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Asteroids can hit the Earth
Asteroids can hit the Earth.

Hayabusa's Return Probably Delayed

Dec 14, 2005 - JAXA engineers are working hard to recover their ailing Hayabusa spacecraft. The spacecraft has been out of contact since December 9th, after it turned suddenly from a fuel leak. Hayabusa was supposed to return to Earth in June 2007, but JAXA is concerned that it won't have enough fuel to make this date, so they'll probably push the return back to 2010. Unfortunately, they have no way of knowing if Hayabusa actually retrieved a sample from Itokawa during its close encounter.


Hayabusa Probably Didn't Get a Sample After All

Dec 9, 2005 - The Japanese Hayabusa spacecraft has moved approximately 550 km (340 miles) away from Asteroid Itokawa, beginning the journey back to Earth. Unfortunately, it appears that the spacecraft probably failed to pick up a sample from the asteroid. JAXA officials now think that a metal bullet designed to blast material off of Itokawa's surface probably failed to fire. Hayabusa is severely damaged, and will attempt to make the return journey to Earth, but managers aren't optimistic about its chances.


Hayabusa Successfully Collects an Asteroid Sample

Nov 29, 2005 - Japan's asteroid explorer, Hayabusa, successfully touched down onto the surface of asteroid Itokawa Saturday for the second time in a week, and the Japanese Agency announced that it's clutching a sample of material. The spacecraft will now begin the long journey back to Earth, and it all goes well, its sample capsule should land in the Australian outback in June 2007. This will be the first time material from an asteroid will ever be sampled back here on the Earth.


Upcoming Solutions for Near Earth Objects

Nov 28, 2005 - Telescopes from around the world are constantly scanning the skies searching for potential Earth-crossing asteroids. The majority if these objects pose little to no threat to us, but the potentially devastating space rocks are out there. The European Space Agency is working on a mission called Don Quixote which would attempt to shift the orbit of an asteroid to understand the mechanics of this kind of operation.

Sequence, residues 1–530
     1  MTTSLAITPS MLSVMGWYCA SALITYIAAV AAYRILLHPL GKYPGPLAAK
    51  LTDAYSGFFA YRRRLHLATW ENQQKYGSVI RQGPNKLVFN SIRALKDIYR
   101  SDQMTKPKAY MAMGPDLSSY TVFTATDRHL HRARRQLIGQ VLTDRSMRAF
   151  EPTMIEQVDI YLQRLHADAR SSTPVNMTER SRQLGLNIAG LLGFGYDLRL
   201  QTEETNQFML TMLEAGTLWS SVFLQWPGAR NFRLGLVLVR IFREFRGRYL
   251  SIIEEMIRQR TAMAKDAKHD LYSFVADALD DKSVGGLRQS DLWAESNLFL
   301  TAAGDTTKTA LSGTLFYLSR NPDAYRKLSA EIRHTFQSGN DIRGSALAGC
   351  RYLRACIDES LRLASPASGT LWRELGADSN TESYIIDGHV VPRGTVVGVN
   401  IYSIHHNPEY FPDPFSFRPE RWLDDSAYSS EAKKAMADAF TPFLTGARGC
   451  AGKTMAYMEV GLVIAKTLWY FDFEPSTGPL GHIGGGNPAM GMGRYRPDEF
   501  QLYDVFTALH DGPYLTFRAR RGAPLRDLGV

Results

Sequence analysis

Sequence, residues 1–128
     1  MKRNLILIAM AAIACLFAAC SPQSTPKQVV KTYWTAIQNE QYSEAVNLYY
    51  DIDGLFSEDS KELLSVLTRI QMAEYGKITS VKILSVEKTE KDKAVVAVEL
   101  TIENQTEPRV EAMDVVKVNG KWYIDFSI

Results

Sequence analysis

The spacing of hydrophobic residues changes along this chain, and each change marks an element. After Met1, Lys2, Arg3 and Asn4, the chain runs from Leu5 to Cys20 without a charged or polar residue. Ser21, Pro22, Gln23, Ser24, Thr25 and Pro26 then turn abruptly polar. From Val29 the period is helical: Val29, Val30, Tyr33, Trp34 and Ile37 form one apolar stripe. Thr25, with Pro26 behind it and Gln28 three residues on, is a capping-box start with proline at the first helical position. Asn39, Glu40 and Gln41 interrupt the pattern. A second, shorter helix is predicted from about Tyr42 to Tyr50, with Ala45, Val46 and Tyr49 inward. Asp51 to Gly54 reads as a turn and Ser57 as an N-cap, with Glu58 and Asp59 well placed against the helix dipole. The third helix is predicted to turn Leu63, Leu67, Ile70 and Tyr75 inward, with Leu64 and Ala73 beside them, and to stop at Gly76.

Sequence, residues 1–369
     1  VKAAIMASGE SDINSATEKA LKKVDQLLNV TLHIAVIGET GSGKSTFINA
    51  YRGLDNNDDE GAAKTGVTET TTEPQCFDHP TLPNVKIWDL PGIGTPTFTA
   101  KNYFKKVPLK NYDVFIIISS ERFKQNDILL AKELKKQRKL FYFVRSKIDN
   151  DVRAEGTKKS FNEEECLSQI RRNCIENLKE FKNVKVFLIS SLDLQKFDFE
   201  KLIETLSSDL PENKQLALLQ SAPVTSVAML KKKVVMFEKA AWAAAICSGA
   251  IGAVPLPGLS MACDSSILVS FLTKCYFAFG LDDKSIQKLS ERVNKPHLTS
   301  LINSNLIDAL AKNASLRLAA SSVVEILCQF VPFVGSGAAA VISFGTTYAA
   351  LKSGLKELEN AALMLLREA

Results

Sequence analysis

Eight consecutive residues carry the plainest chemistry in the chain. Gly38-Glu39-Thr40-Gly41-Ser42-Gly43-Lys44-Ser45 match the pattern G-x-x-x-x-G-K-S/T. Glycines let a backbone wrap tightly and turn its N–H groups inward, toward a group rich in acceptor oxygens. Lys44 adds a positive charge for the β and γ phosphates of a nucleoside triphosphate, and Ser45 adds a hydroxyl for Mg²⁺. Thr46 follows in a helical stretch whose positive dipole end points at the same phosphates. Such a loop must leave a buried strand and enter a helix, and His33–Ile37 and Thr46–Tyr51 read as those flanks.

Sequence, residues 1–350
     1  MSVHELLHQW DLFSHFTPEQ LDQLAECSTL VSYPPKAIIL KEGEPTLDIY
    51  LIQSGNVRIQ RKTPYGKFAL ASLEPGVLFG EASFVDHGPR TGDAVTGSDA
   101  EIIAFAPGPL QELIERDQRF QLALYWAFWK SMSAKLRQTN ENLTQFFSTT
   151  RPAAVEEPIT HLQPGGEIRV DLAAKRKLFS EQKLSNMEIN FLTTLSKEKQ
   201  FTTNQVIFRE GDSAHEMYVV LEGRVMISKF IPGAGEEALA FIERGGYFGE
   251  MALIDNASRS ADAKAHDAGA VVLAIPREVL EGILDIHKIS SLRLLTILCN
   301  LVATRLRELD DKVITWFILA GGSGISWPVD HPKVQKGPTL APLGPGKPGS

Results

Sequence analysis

Hayabusa Landed on Itokawa Successfully

Nov 24, 2005 - Officials from the Japanese space agency (JAXA) announced yesterday that Hayabusa successfully touched down on asteroid Itokawa last weekend, bounced at least once, and spent 39 minutes "resting" on the surface. It then launched back up into space again. Unfortunately, it failed to drop equipment that would allow it to collect samples from the asteroid's surface. Hayabusa will head back to the potato-shaped asteroid on Friday and attempt another landing.


Japanese Probe Seems Lost in Space

Nov 14, 2005 - It appears that the Japanese Space Agency (JAXA) has lost contact with a small probe released from its mothership Hayabusa on Saturday. After its release, the Minerva probe failed to make contact with the asteroid Itokawa's surface, and controllers have no idea where it went. Hayabusa has been having problems with its positioning control system, so it's possible that it put Minerva on an incorrect vector to reach the asteroid's surface. Hayabusa is still scheduled to dip down and scoop some material off Hayabusa's surface to return to Earth for analysis.


ESA Picks an Asteroid to Move

Sep 26, 2005 - Instead of waiting for asteroids to slam into the Earth, the European Space Agency is working on a mission that will reach out and try to shift a space rock's orbit. The mission is called Don Quijote, and it will consist of two spacecraft: an orbiter and an impactor; similar to NASA's Deep Impact. The Sancho orbiter will rendezvous with a target asteroid and carefully calculate its orbit before and after the Hidalgo impactor slams into it. The ESA has chosen two candidate asteroids as potential targets, and will make a final decision in 2007.


Leftover Material Caused the Late Heavy Bombardment

Sep 16, 2005 - planets in the inner solar system suffered two devastating periods of asteroid bombardment. Scientists are fairly certain that the early period came from asteroids identical to the space rocks in the current main belt between Mars and Jupiter. The second period is a bit of a mystery, though. Scientists now think that there was a period at the end of planetary formation when the giant planets swept up leftover material and hurled much outwards, but also some towards the inner Solar System.


Hayabusa's Photo of Itokawa

Sep 15, 2005 - Japan's Hayabusa spacecraft arrived at Asteroid Itokawa earlier this week, and now it's sending back beautiful images. This image is a composite colour image of the asteroid taken on September 12 using red, green and blue filters. It's also possible to see its irregular shape. Hayabusa will eventually land on the surface of Itokawa, collect samples to be sent back to Earth. The probe's sample return capsule is expected to return to Earth in June 2007.


Asteroid Ceres Could Have Large Amounts of Water

Sep 8, 2005 - New observations from the Hubble Space Telescope indicate that the largest asteroid in the Solar System, Ceres, might have huge reserves of water ice under its surface. Ceres is approximately 580 miles (930 kilometers) across, and resides with many other asteroids in a belt of material between Mars and Jupiter. Ceres' crust shows evidence of water-bearing minerals. In fact, if Ceres is 25% water, it would have more fresh water than what we have here on Earth.


Asteroid Dust Could Influence the Weather